LIVE: Dolly Dagger @ The Linda, 2/20/16

February 26th, 2016, 3:00 pm by Greg
Arthur Holmes

Arthur Holmes

Review and photographs by Andrzej Pilarczyk

Lets face it, Jimi Hendrix was a product of the blues embracing pop. Today’s generation is almost twice removed from when Hendrix died and the popular music of today – from hip-hop to country to roots to whatever-you-want-to-tag-it – is now almost two generations removed from the power-blues of Hendrix and some of his contemporaries. If you go to any existing record store these days, the blues category is almost a rat’s-hair sliver in the CD or record bins. The sixties are gone, and we’re in the midst of the twenty-teens. There’s a whole new music scene out there, and the importance of Jimi Hendrix is nearly forgotten within the contemporary musical spectrum.

Hendrix’s music isn’t played on the radio that much anymore; even college radio has forsaken it. Yet there is relevance in his influence and what he had to say. He used the over-amplified power of his electric notes to propel his words and thoughts to the young and vibrant generation of his time, and in the greater scheme of things his music is just as relevant today.

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Take a song like “Machine Gun”… In case you forgot, we’re still, as a country, fighting in Afghanistan, making it the longest war in American history. The song captures the stupidity of war and the death it brings for our fellow countrymen. His songs about the civil rights movement back then could be anthems of today’s Black Lives Matter movement. Pardon the pun, but it’s the same song, just a different day.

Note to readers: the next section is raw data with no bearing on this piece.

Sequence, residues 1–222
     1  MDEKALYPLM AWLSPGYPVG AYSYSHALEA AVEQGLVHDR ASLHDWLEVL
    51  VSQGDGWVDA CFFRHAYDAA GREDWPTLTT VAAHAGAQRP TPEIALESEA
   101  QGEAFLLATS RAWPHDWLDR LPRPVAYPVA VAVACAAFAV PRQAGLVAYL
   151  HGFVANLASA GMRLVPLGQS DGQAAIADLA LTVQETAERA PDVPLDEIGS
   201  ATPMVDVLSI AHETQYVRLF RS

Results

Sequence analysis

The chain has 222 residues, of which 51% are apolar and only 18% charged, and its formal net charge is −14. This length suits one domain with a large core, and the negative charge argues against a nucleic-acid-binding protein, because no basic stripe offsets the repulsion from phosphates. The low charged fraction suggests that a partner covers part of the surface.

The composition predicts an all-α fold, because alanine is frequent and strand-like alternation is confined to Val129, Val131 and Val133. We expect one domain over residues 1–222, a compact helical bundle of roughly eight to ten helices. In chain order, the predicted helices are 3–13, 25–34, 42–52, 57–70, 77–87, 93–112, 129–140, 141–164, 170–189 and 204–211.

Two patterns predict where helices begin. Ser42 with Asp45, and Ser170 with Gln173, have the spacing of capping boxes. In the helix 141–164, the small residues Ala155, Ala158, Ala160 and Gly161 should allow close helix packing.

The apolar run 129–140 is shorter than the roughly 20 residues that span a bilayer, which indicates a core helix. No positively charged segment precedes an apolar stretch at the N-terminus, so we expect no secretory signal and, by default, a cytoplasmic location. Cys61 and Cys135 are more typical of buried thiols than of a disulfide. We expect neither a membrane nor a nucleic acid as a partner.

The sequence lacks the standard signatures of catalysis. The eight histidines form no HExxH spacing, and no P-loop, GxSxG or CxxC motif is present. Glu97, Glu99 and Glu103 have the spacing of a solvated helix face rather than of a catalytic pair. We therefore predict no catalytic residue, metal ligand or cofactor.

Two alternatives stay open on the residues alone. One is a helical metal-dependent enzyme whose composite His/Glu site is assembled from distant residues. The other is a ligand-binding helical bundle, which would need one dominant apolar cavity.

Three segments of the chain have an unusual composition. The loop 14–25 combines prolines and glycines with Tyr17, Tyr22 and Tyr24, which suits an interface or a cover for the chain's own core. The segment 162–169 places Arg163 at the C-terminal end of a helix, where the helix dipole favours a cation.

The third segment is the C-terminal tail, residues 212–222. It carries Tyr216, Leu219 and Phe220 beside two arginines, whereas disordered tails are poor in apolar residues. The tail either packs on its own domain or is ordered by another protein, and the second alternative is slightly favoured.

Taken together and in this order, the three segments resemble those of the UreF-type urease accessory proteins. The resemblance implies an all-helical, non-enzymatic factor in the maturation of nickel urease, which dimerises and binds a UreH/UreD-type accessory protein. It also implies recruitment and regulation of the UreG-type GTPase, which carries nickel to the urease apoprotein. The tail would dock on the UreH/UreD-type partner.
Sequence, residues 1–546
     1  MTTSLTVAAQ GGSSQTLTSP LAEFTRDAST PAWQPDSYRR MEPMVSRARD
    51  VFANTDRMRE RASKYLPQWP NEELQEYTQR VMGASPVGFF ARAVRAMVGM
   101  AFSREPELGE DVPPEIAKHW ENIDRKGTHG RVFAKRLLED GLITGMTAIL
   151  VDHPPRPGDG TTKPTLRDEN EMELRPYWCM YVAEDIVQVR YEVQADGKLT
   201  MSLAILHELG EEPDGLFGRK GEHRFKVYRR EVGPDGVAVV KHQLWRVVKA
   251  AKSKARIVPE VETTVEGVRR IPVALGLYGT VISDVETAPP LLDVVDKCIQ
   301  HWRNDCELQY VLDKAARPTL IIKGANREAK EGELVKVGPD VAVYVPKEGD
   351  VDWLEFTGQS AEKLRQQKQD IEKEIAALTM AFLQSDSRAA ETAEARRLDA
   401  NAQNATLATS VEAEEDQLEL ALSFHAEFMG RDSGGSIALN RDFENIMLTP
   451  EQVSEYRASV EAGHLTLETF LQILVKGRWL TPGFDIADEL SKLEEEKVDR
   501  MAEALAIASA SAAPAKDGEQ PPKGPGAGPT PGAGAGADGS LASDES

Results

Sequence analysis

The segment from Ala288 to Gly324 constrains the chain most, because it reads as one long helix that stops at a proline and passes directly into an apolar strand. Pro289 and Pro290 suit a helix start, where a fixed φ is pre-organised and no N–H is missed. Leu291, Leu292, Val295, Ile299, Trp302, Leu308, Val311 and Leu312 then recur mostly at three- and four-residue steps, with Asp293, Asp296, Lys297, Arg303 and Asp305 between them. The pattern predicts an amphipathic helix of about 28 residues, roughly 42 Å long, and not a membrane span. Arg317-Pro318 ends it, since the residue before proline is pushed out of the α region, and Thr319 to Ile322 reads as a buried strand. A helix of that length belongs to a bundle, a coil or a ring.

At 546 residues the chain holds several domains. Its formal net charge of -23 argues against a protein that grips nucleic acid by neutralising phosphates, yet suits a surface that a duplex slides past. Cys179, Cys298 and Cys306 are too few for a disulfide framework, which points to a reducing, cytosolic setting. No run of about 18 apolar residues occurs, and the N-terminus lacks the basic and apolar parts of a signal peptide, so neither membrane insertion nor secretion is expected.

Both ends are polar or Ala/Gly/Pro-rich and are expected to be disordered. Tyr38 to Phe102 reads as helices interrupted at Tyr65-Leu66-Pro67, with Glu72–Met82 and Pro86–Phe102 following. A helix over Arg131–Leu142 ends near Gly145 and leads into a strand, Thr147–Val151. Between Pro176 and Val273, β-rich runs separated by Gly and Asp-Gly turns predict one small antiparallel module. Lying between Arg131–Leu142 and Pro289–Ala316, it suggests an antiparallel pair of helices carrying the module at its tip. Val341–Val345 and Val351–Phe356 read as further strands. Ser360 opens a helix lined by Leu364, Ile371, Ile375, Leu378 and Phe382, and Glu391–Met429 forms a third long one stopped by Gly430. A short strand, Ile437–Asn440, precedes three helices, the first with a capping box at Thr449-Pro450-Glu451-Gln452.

“Dolly Dagger” is the name of a posthumously released Jimi Hendrix song. Dolly Dagger is also the name of a Massachusetts-based trio that pays homage to the master of the power guitar. In their Local 518 debut last weekend at The Linda, bandleader Arthur Holmes was not trying to be Hendrix, but he and his bandmates – drummer Brian Forfa and bassist John Worth – captured the spirit and essence of Hendrix with both their vocal approach and guitar pyrotechnics. The set list they played was more than a little taste of Hendrix’s music. Rather, it was more like a great meal to be digested long after the fans left the theater.

When Dolly Dagger comes around again, and you want to know what it was like to hear Hendrix live, check them out – just close your eyes and sit back and listen. They’re a unique commodity in the contemporary music scene filled with Led Zeppelin and Pink Floyd clones. Very few have ventured out there playing Hendrix’s music, except for perhaps a tune or two. This band has the balls to do a full two-hour set. And they do it flawlessly…

Arthur Holmes and John Worth

Arthur Holmes and John Worth

Arthur Holmes

Arthur Holmes

Brian Forfa

Brian Forfa

Arthur Holmes and John Worth

Arthur Holmes and John Worth